“We are thrilled when fragments of reality become utterable.”
September 3, 2015 10:24 AM   Subscribe

The Mysterious, Anonymous Author Elena Ferrante on the Conclusion of Her Neapolitan Novels [Vanity Fair]
Passions run high when you’re talking about Elena Ferrante and her work, particularly her sensational, highly addictive Neapolitan novels, which paint a portrait of a consuming female friendship against the backdrop of social and political upheaval in Italy from the 1950s to the present day. My Brilliant Friend,The Story of a New Name, and Those Who Leave and Those Who Stay have made Ferrante, an enigmatic figure who writes under a pseudonym, and is widely regarded as the best contemporary novelist you’ve never heard of, a worldwide sensation.


- Elena Ferrante, Art of Fiction No. 228 [Paris Review]
Interviewer: Are you concerned with your readers? Do you care about the effect your writing will have on them?
Ferrante: I publish to be read. It’s the only thing that interests me about publication. So I employ all the strategies I know to capture the reader’s attention, stimulate curiosity, make the page as dense as possible and as easy as possible to turn. But once I have the reader’s attention I feel it is my right to pull it in whichever direction I choose. I don’t think the reader should be indulged as a consumer, because he isn’t one. Literature that indulges the tastes of the reader is a degraded literature. My goal is to disappoint the usual expectations and inspire new ones.
- Elena Ferrante’s Neapolitan novels are astonishing modern classics. [Vox]
“...an epic saga spanning four books (the final volume of which was just been released in English today), 1,600 printed pages, and more than 60 years for the central characters. The series is a modern masterwork, characterized by gripping plotting and vivid personalities, while exploring themes of class, male violence, feminism, politics, motherhood, and creativity with savage intelligence. It's easily the best new fiction I’ve read in years.”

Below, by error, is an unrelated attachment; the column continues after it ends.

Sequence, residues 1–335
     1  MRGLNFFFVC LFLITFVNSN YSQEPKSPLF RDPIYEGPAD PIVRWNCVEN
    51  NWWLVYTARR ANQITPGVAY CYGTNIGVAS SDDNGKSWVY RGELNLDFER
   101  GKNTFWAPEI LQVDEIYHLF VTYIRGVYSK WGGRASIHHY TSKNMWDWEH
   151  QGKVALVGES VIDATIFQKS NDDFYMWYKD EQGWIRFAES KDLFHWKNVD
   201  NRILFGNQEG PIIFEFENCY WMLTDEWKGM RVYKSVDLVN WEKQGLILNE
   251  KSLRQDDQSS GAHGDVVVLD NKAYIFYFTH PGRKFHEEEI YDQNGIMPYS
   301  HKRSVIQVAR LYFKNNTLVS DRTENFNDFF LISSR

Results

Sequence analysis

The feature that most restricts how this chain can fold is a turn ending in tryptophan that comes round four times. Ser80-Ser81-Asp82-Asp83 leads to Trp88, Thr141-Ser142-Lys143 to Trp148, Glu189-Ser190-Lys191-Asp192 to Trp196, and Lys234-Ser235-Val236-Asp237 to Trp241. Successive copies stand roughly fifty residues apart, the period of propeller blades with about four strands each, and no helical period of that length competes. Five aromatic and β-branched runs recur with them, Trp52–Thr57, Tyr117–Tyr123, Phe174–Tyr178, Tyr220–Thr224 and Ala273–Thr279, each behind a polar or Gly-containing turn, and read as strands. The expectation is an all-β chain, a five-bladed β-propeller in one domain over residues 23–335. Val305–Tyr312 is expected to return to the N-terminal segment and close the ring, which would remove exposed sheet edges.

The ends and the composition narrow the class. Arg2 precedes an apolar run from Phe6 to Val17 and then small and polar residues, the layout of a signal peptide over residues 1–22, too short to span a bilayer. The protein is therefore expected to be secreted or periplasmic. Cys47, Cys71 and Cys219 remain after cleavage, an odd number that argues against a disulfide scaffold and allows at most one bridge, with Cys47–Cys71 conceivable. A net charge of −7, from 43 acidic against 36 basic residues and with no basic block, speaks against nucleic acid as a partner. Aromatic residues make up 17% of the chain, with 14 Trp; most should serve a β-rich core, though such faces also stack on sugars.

- Elena Ferrante pours scorn on speculation she could be a man. [The Guardian]
““Have you heard anyone say recently about any book written by a man, ‘It’s really a woman who wrote it, or maybe a group of women?’ Due to its exorbitant might, the male gender can mimic the female gender, incorporating it in the process. The female gender, on the other hand, cannot mimic anything, for it is betrayed immediately by its ‘weakness’; what it produces could not possibly fake male potency,”
- Italy’s Great, Mysterious Storyteller [New York Review of Books]
- Q. and A.: Elena Ferrante [New York Times]
- The Story of a New Language: Elena Ferrante’s American Translator [The Atlantic]
- 12 Of The Most Feminist Moments In Elena Ferrante's Neapolitan Novels [Bustle]
- Elena Ferrante on the Origins of her Neapolitan Novels [Vogue]
posted by Fizz (16 comments total) 45 users marked this as a favorite
Oops, forgot another interesting link: “Dressing a Refined Story With a Touch of Vulgarity”: An Interview With Elena Ferrante’s Art Director. [Slate]
posted by Fizz at 10:30 AM on September 3, 2015

I've been hearing about these books and cannot wait to read them!

The quote about men mimicking women and vice versa is especially hilarious because, at least in my world, it's common knowledge that women are MUCH better at writing male characters than the reverse because in a patriarchy, we're basically required to understand the male experience, while men understanding women's inner lives is optional and in fact strongly discouraged. I had not realized this author was anonymous, but from the descriptions of the books, the idea that she might be a man seems particularly out of left field.
posted by sunset in snow country at 10:37 AM on September 3, 2015 [15 favorites]